I write as a member of the Church of England General Synod, a member of a Diocesan Safeguarding Group and a solicitor for 35 years with experience of hundreds of cases of child abuse, having represented victims of child abuse, those rightfully convicted and those wrongfully accused.

The Chichester Council is absolutely right to conclude that the Church has not yet put into the public domain sufficient evidence to enable a safe conclusion to be drawn that Bishop Bell was guilty of child abuse. This Is unfair to all, not least the accuser. The Church’s lack of transparency prolongs the agony for all, and its explanation that nothing can be said about its processes, because everything is confidential is misconceived in law.

Every week, the Law Reports publish detailed judgements concerning cases of sexual abuse.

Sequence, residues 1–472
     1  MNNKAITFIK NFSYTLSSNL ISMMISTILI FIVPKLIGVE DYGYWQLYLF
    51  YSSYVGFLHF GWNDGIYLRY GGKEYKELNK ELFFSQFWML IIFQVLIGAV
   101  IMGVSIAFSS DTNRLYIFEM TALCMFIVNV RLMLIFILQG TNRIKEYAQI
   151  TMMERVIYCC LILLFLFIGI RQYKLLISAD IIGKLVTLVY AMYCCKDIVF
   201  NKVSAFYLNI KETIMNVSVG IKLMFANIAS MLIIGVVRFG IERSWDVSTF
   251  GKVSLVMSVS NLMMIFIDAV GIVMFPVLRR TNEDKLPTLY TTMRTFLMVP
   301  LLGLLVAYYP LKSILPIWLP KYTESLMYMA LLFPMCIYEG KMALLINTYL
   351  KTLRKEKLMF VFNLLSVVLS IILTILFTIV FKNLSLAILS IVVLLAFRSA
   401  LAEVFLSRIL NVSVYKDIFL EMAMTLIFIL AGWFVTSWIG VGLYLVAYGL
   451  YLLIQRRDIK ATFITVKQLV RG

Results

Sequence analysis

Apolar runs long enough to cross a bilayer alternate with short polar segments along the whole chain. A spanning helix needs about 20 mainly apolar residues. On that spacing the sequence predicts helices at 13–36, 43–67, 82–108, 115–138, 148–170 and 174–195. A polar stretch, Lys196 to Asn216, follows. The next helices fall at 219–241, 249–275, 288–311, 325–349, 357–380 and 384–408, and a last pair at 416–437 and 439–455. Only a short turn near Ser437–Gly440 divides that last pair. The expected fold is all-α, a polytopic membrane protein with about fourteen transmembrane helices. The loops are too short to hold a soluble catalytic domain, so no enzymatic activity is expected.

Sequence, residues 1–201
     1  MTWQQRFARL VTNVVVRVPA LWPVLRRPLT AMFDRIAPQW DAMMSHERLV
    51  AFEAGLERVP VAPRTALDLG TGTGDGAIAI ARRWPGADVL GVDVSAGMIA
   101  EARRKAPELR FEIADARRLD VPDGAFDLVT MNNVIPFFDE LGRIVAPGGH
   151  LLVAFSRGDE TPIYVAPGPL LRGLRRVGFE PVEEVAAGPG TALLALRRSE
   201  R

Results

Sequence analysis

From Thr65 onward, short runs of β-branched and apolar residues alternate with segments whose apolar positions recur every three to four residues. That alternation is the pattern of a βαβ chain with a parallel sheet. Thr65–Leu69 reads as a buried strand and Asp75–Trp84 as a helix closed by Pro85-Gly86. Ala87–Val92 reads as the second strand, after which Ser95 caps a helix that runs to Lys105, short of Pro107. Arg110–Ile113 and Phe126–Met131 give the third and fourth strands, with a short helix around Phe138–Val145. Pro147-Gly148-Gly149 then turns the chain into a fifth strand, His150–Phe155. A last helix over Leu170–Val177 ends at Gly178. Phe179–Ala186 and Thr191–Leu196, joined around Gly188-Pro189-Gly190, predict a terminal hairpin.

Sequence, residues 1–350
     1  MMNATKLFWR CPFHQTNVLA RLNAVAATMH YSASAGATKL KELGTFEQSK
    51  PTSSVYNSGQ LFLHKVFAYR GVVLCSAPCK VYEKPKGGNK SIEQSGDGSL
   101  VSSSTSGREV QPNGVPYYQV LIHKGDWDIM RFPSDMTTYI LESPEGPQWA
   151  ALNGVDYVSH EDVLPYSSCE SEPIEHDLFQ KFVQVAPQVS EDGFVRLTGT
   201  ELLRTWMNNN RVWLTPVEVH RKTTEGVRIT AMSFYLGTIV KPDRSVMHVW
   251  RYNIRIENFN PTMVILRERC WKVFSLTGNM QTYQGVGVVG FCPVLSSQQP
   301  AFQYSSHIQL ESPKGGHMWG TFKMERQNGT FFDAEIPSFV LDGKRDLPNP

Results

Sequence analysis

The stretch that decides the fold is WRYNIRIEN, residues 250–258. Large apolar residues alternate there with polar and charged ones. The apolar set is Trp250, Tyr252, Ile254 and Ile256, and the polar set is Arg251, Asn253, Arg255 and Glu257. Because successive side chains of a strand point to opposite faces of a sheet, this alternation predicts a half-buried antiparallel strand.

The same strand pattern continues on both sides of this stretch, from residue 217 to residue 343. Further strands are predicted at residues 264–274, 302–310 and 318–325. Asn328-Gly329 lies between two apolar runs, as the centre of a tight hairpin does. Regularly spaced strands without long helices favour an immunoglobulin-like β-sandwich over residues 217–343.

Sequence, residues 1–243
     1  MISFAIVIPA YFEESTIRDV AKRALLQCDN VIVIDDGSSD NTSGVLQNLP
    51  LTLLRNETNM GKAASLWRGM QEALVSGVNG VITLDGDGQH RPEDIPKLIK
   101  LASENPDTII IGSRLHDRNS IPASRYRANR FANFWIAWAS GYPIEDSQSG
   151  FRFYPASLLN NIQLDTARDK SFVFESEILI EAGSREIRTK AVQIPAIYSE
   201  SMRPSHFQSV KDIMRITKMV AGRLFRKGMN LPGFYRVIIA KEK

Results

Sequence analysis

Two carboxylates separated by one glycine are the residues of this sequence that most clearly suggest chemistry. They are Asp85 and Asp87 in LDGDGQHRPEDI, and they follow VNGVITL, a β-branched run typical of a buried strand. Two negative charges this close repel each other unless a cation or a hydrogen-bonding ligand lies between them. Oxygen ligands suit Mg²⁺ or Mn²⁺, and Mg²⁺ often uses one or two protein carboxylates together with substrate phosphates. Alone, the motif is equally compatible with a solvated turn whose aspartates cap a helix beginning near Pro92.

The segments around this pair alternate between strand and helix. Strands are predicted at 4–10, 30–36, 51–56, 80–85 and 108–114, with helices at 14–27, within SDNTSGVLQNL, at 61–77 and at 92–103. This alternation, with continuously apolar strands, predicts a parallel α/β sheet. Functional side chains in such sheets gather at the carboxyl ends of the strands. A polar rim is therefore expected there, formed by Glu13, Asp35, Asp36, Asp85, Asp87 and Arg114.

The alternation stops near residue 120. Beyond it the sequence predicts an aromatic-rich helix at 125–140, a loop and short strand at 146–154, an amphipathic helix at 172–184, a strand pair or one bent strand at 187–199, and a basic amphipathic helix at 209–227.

They routinely describe the nature of the allegations, a summary of the evidence, for and against; the names and expertise of the experts; their points of agreement and disagreement, a summary of the applicable law, the evaluation of contested evidence and the Court findings on disputed fact. All this is done in the public interest without compromising the identity of the accuser to the slightest degree.

In the light of such routine transparency, why does the Church continue in the absurd fiction that it cannot answer the most basic of questions about the processes by which it reached a conclusion in the case of Bishop George Bell? Nobody is asking for clues to identity, only evidence that a process of due diligence has been undertaken.

All we are getting is “Trust me I am a Bishop” which paradoxically, embodies precisely the toxic culture of deference and unaccountability which dropped the Church into such messes in the first place.

Martin Sewell
Gravesend
Kent

The focus hitherto has been upon Justice for Bishop George Bell, but with this letter Martin Sewell broadens it to the fact that the secretive processes by which the Bishop was judged is not simply a matter of historical accuracy, but a very live issue for the Church of England today, as it will be tomorrow and the day after, and will continue to be so until his questions are answered.